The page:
Mitt Romney

Romney To Try Stealing Some Of Obama's Jobs-Speech Thunder

Mitt Romney in Berlin, NH, Aug. 16, 2011. i

Mitt Romney in Berlin, NH, Aug. 16, 2011. Jim Cole/AP hide caption

toggle caption Jim Cole/AP
Mitt Romney in Berlin, NH, Aug. 16, 2011.

Mitt Romney in Berlin, NH, Aug. 16, 2011.

Jim Cole/AP

How better for Mitt Romney to show that he intends to take it right at President Obama on the jobs issue than to plan a major post-Labor Day speech on jobs, just like the president?

Romney announced Monday on Fox News that he intends to provide his job-creation plan on Sept. 6 in Nevada, a battleground state, the day before the next scheduled Republican presidential candidates' debate.

But it's also within days of when Obama has said he will his new and improved job creation plan.

For Romney, a speech that week accomplishes the following: It gives him another chance to allow voters envision the race as one between himself and Obama.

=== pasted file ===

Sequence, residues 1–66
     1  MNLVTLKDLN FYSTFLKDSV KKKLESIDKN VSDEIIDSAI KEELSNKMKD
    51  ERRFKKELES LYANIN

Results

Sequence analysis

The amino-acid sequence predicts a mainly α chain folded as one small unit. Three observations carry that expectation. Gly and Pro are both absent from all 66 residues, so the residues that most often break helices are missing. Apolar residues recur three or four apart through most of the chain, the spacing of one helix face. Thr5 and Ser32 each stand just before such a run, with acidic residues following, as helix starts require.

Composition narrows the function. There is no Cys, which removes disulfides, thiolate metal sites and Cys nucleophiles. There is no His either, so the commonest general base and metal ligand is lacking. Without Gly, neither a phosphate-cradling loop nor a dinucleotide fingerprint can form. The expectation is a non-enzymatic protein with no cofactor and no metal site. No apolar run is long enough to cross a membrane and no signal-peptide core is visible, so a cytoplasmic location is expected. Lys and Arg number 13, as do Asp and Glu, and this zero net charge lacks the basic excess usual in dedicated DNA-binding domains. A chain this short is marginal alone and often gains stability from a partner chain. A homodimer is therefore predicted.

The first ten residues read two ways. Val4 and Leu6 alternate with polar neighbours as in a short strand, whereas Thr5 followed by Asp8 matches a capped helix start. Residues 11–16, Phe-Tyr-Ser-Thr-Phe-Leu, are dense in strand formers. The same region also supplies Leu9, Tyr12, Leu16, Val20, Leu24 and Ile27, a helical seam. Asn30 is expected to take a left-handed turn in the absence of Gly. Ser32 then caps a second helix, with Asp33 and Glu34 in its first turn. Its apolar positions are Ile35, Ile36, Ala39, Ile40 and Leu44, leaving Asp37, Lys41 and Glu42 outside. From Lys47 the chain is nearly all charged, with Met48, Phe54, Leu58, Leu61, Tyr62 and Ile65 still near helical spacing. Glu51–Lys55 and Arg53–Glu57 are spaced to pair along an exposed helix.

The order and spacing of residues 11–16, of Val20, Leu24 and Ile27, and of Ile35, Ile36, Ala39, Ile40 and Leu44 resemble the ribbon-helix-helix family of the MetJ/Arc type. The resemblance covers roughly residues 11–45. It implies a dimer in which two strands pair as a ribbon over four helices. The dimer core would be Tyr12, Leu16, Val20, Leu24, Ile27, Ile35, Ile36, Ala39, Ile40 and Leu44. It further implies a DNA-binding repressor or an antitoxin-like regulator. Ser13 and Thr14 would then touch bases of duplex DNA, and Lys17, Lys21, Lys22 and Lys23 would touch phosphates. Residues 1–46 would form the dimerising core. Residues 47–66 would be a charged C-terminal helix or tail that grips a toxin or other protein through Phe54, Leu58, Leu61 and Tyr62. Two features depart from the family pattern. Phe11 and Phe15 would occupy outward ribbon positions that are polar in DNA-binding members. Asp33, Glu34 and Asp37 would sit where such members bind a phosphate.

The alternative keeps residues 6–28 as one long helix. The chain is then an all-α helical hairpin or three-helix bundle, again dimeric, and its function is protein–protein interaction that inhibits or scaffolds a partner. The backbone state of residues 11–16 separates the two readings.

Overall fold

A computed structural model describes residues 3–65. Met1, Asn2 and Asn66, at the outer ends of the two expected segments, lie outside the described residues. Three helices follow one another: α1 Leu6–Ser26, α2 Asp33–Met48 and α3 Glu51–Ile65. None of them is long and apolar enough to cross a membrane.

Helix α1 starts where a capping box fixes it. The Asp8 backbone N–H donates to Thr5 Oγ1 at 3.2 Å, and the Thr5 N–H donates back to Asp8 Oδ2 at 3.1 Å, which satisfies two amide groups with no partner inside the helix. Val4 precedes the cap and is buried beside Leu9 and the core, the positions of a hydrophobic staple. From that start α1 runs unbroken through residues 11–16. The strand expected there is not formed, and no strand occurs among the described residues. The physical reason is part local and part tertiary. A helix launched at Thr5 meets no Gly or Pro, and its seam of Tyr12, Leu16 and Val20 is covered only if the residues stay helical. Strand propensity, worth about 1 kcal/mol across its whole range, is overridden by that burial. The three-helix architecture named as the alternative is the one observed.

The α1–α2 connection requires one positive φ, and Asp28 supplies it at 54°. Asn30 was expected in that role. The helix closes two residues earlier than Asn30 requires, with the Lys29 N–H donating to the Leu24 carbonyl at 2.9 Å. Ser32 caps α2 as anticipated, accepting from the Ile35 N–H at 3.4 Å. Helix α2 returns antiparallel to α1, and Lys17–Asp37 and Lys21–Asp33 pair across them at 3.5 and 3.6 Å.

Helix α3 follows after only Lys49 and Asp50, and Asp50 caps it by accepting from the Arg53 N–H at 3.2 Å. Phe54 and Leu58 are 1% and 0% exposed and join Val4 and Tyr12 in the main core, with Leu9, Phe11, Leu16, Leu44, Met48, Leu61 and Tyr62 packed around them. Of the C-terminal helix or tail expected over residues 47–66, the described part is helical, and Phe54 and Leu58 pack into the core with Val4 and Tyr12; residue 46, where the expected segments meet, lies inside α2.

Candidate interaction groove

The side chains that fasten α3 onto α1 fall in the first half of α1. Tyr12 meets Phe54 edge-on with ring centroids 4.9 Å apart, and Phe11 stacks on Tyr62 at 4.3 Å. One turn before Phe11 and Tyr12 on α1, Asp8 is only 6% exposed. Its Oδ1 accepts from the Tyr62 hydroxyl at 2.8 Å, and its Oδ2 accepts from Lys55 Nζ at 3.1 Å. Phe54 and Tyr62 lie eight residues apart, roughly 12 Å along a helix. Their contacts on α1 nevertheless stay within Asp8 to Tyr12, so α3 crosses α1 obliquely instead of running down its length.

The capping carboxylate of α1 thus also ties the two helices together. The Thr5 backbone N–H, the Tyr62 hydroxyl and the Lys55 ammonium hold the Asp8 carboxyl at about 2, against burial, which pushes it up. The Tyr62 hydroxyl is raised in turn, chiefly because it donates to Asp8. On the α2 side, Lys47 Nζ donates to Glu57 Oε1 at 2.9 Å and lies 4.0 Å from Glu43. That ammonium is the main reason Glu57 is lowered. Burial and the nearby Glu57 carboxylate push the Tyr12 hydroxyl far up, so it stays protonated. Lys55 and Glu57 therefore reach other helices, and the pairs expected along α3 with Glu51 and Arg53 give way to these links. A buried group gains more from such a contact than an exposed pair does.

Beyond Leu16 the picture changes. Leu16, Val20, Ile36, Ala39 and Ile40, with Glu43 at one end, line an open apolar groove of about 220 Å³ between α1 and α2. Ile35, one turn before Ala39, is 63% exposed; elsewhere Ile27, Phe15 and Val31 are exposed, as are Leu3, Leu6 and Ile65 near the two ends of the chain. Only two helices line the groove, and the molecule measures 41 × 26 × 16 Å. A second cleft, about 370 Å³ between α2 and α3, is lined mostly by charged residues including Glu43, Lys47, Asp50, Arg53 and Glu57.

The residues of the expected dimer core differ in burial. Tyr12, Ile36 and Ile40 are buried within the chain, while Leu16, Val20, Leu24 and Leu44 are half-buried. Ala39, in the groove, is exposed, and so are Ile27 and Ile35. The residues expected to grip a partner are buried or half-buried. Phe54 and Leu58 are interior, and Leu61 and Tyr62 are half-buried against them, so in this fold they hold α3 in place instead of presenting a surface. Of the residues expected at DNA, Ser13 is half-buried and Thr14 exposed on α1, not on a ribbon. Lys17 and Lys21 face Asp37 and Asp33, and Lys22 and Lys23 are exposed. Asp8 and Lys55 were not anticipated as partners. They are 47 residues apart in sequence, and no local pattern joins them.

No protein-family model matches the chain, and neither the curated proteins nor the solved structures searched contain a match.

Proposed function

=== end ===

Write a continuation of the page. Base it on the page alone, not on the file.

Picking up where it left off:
His campaign clearly aims to give Republican voters desperate to beat Obama the sense that Romney is the only one capable of doing that.

It's a strategy that wants Republican voters to look past the current mini-dramas heading into next year's primaries to focus on the end game.

A major jobs speech now also demonstrates Romney's national campaign experience and organization. It takes a staff and access to economic experts to come up with a credible jobs plan.

And it takes informed and credentialed surrogates to talk about it after a speech. Again, this is all meant to get voters to see in Romney the strongest Republican candidate against Obama.

The White House has not yet provided a date for the president's jobs speech. But with Romney now planning to give his pre-buttal to Obama on Tuesday and the GOP debate at the Reagan Library on Wednesday, that leaves the rest of the week for Obama's speech.

Waiting until the end of the week would also give Obama the chance to criticize the approaches of Romney and the other GOP candidates.



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